UDC 327.39:323.1
Biblid: 1451-3188, 18 (2019)
Vol. 18, No 67, pp. 299-322

Оriginal article
Received: 01 May 2019
Accepted: 15 May 2019


JOJIĆ Stefan (Факултет политичких наука Универзитета у Београду), stefan.jojic@yahoo.com

European integrations are attributed with the power of beneficial influence to the realization of the rights of ethnic groups within the candidate countries for the membership in the European Union. In this sense, the process of joining the Union has pacifying effects on intra-state ethnic conflicts, since the state is expected to settle disputes and achieve internal political stability before accession. Namely, the candidate country is expected to provide its minority ethnic communities with rights in accordance with the standards set by certain acts and values embedded in the foundations of the European Union. The process of European integration, by its nature, implies states’ harmonization with the communitarian system, values and legislative. Besides harmonization, which is universal, known in advance and the same for every candidate, European integration provides the Union with a capability to condition candidate state’s advancement with the implementation of certain policies, some of which may refer to the protection of minorities. European integration, of course, is not the only factor that shapes the process of regulation of ethnic relations in a state. It is also affected and determined by domestic forces and circumstances in a candidate state. This article examines the determinants and potential of European integration’s power of regulation of intrastate ethnic conflicts. For that purpose, we will explore the role of the EU and integration’s effects on the problem of the Russian population in Estonia, the Albanian question in Macedonia and the Kurdish problem in Turkey. Conditionality of European integration has a positive impact on the status of minorities in candidate states, but not always the same or as a sole factor. Conditionality, on the one hand, is affected by strong EU’s or its important members’ interests, and in that sense, it may act inconsistently and with different degree of conditioning in different cases. On the other hand, conditionality may affect ethnic conflict only in combination with other factors, primarily, domestic circumstances in a candidate state, such as its political elites’ evaluation of the reward and its cost or relative distribution of power between the state and its minority community.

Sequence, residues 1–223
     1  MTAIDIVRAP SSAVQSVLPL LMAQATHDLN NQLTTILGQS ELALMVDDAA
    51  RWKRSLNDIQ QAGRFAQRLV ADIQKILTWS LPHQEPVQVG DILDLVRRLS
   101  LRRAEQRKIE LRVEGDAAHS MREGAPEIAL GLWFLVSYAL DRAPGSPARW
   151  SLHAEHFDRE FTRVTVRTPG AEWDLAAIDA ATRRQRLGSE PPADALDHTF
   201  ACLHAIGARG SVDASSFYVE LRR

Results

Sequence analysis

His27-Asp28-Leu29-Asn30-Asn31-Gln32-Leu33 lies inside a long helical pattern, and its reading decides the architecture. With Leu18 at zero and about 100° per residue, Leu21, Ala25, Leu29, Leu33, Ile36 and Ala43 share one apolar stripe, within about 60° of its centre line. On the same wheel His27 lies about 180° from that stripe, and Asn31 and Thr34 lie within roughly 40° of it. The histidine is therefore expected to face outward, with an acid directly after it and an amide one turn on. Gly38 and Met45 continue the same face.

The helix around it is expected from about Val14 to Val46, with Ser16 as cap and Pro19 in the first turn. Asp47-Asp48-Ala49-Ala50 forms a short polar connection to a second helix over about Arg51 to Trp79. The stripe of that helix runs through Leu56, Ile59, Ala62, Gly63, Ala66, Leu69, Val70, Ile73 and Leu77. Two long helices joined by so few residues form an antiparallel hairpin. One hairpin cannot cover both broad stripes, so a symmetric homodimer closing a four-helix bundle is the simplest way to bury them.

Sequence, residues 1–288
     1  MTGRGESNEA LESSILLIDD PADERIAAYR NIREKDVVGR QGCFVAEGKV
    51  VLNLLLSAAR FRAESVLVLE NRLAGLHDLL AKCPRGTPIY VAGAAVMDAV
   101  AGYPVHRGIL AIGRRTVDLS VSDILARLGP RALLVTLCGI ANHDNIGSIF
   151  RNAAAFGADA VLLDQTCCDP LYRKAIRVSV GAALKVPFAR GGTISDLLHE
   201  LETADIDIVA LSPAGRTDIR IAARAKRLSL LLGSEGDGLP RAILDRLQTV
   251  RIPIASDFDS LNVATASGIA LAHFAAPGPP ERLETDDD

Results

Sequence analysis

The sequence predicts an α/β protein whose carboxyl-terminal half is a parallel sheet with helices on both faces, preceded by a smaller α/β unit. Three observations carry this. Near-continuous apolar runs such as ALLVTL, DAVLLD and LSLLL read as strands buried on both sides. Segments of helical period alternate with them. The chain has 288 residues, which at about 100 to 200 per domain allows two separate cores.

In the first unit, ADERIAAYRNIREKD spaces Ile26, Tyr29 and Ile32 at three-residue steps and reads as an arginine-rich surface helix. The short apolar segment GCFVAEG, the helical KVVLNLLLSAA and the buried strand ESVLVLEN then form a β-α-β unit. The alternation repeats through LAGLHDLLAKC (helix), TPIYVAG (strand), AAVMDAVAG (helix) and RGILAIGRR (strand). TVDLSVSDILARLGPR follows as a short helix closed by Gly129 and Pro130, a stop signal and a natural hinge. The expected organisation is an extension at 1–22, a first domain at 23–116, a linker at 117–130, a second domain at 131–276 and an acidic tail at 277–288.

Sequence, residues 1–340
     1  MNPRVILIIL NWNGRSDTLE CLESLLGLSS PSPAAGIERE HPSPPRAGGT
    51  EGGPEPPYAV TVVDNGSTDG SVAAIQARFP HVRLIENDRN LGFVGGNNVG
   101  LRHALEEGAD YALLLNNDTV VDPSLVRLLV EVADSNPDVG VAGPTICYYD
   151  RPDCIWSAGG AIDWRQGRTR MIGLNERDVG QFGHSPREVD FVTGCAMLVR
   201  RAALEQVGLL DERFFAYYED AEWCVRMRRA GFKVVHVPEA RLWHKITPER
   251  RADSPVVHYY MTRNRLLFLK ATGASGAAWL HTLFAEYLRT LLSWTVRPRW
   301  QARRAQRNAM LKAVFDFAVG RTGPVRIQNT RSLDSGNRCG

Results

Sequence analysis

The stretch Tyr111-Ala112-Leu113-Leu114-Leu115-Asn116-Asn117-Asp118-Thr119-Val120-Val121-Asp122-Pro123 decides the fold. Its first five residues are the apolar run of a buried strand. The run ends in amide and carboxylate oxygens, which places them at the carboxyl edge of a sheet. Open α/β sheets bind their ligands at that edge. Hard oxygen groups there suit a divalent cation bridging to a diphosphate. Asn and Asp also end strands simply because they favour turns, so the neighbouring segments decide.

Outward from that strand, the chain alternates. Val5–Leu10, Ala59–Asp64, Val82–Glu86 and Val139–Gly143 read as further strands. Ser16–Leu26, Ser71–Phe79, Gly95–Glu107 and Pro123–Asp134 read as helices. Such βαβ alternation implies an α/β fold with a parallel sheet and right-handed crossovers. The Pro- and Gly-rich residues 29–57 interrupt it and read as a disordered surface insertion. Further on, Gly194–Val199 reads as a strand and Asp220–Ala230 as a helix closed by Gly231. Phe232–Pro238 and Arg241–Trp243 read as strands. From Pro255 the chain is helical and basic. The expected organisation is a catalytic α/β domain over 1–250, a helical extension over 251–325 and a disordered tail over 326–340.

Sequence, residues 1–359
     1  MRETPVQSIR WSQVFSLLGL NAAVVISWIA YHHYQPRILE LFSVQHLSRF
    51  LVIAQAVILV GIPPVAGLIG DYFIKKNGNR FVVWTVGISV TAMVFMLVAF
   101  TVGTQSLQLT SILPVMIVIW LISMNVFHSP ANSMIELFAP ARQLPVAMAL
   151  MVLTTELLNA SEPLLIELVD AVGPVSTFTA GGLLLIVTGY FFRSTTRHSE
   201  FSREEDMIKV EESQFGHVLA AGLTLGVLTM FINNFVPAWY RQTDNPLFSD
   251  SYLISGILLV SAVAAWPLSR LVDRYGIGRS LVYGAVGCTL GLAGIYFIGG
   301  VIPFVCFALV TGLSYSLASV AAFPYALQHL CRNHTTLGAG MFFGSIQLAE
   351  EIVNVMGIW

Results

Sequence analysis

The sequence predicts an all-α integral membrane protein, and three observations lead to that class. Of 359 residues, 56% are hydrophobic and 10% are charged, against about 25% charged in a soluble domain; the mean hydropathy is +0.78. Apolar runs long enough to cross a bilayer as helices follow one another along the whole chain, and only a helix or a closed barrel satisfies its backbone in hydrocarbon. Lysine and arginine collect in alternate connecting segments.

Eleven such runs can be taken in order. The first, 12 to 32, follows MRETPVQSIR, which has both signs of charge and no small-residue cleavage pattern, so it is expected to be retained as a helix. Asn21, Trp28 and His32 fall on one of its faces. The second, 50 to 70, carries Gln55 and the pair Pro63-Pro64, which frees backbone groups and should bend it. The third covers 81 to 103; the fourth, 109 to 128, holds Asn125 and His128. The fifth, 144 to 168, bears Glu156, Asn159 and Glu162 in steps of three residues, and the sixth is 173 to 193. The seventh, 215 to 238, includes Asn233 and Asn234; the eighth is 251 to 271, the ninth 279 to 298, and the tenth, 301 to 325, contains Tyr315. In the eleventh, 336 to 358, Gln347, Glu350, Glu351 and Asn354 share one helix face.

Keywords: European integration, European Union, ethnic conflict, minority rights, Estonia, Macedonia, Turkey